Synapses refer to the contact points between neurons where information is passed from one neuron to the next. They usually occur between the axon of one neuron and the dendrites of other neurons. Until now, synapses were never observed between the neuron’s axon and the primary cilium.
Using high-resolution microscopes and innovative tools, scientists at HHMI’s Janelia Research Campus have peer deep into the cell and cilia to observe the synapse. They discovered a new kind of synapse in the tiny hairs on the surface of neurons. This particular synapse represents a way to change what is being transcribed or made in the nucleus, which changes whole programs.
Janelia Senior Group Leader David Clapham, whose team led the new research, said, “The effects in the cell are not just short-term, some can be long-term. It is like a new dock on a cell that gives express access to chromatin changes, which is very important because chromatin changes so many aspects of the cell.”
The Discovery of this new kind of synapse could help scientists better understand how long-term cell changes are communicated. The cilia, which extend from the inside of the cell, close to the nucleus, to the surface, may offer a quicker and more focused method for cells to carry out these long-term alterations.
Cilia- tiny hair-like organelles attached to the cell surface- play an essential role in cell division during development. However, it remains elusive why other cells in our bodies, including neurons, retained this hair-like, bacterium-sized protrusion into maturity.
Due to the fact that these cilia were challenging to see using conventional imaging methods, scientists have generally overlooked them. However, more recent advancements in imaging technology have generated interest in these tiny appendages.
Using focused ion beam-scanning electron microscopy, or FIB-SEM, scientists take a look at the cilia. They observed a connection, or synapse, between the neuron’s axon and the cilium protruding outside the cell body. The team refers to these connections as “axon-cilium” or “axo-ciliary” synapses because of their structural similarities to those of known synapses.
Later, scientists developed new biosensors and chemical tools to determine the Function of this new synapse. They used fluorescence lifetime imaging (FLIM) to better measurements of biochemical events inside the cilia.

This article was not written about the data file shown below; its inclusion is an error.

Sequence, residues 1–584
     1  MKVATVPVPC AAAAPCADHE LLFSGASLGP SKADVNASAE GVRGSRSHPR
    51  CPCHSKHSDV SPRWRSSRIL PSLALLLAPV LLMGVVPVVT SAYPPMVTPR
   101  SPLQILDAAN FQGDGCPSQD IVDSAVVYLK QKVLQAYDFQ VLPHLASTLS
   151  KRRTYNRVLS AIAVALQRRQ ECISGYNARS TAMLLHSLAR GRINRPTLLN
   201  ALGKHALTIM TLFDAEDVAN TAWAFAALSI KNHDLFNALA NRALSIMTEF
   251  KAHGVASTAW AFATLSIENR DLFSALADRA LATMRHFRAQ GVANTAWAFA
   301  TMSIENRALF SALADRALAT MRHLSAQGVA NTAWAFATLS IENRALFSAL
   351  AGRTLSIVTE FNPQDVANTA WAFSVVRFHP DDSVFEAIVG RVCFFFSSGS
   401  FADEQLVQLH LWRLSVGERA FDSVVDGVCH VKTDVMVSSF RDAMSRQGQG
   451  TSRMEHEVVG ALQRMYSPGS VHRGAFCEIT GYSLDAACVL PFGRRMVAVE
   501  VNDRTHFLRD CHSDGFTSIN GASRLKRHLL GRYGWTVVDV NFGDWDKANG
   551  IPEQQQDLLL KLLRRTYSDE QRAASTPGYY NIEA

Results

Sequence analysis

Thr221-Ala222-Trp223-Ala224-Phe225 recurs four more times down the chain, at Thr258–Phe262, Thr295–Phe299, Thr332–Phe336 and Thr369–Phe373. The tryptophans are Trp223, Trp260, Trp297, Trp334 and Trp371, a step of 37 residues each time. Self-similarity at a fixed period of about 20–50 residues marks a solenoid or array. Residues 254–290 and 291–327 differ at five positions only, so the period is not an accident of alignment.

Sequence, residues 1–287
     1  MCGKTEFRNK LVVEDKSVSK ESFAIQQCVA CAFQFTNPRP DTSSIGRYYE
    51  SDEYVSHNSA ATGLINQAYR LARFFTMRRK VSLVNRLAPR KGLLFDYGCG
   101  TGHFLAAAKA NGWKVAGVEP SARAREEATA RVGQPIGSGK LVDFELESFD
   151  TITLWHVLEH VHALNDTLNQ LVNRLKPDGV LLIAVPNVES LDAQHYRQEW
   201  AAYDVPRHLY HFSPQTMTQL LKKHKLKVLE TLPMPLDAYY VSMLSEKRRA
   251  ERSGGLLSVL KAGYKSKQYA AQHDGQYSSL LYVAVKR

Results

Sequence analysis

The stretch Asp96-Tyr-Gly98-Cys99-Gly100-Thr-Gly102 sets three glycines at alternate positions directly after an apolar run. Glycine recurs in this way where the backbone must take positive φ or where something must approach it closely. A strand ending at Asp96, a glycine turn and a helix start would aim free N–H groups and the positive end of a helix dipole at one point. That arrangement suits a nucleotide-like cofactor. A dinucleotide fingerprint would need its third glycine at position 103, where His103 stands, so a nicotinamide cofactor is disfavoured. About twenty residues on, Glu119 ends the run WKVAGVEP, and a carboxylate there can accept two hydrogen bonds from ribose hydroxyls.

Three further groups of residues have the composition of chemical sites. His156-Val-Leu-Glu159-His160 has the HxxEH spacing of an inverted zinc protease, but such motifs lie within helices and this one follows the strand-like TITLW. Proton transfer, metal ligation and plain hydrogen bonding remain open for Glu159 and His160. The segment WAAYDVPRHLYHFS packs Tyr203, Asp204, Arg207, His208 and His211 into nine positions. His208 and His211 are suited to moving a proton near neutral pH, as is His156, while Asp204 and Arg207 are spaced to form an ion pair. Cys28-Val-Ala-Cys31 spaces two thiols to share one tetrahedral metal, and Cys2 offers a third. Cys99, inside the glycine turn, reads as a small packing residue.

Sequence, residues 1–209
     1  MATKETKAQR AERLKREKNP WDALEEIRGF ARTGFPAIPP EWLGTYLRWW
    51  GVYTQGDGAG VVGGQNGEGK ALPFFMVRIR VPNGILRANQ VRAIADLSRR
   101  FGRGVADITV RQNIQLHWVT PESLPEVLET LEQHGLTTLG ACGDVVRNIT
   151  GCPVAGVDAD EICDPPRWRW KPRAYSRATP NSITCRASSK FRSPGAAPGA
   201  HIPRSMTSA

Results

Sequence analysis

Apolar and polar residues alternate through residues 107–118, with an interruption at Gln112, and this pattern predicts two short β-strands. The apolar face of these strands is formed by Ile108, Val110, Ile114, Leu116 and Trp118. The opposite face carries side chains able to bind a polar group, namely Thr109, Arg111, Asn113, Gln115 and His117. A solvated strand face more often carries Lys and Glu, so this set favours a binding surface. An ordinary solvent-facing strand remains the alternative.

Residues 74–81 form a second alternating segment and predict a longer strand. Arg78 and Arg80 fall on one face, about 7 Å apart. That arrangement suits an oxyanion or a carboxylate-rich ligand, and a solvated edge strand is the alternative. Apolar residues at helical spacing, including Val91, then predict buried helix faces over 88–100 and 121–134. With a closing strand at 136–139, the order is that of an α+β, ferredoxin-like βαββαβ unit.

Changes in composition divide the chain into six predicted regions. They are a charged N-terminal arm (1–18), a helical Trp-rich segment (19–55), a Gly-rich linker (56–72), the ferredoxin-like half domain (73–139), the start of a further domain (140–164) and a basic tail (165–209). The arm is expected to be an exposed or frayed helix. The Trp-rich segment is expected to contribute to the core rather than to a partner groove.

Shu-Hsien Sheu, a senior scientist at Janelia and the first author of the new study, said, “I learned FLIM during the pandemic to address some of the technical challenges. It turned out to be a game changer.”
Using these tools, scientists showed stepwise- how the neurotransmitter serotonin is released from the axon onto receptors on the cilia. This triggers a signaling cascade that opens the chromatin structure and allows changes to genomic material in the cell’s nucleus.
Sheu said, “Function is what makes static structures come alive. Once confident about the structural finding, we looked deeply into its functional properties.”
Sheu says, “HHMI’s curiosity-driven research philosophy enabled the Discovery, which may not have been possible in a traditional research setting. This is a good example of how we can make observations into discoveries.”
Scientists noted, “Because the signals passed across the ciliary synapse enable changes to genomic material in the nucleus, they are likely responsible for longer-term changes in neurons than signals passed from axons to dendrites. These changes could last from hours to days to years, depending on the chromatin encodes proteins.”
Scientists mainly observed receptors for serotonin. There are at least seven to 10 other receptors on cilia for different neurotransmitters that will now need to be examined. Cilia on other cells beyond the brain, like the liver and kidney, also deserve a closer look.
A better understanding of the role of these ciliary synapses and receptors could help scientists develop more selective medications. Drugs that target serotonin transporters are used to treat depression, while serotonin is also linked to our sleep-wake cycle.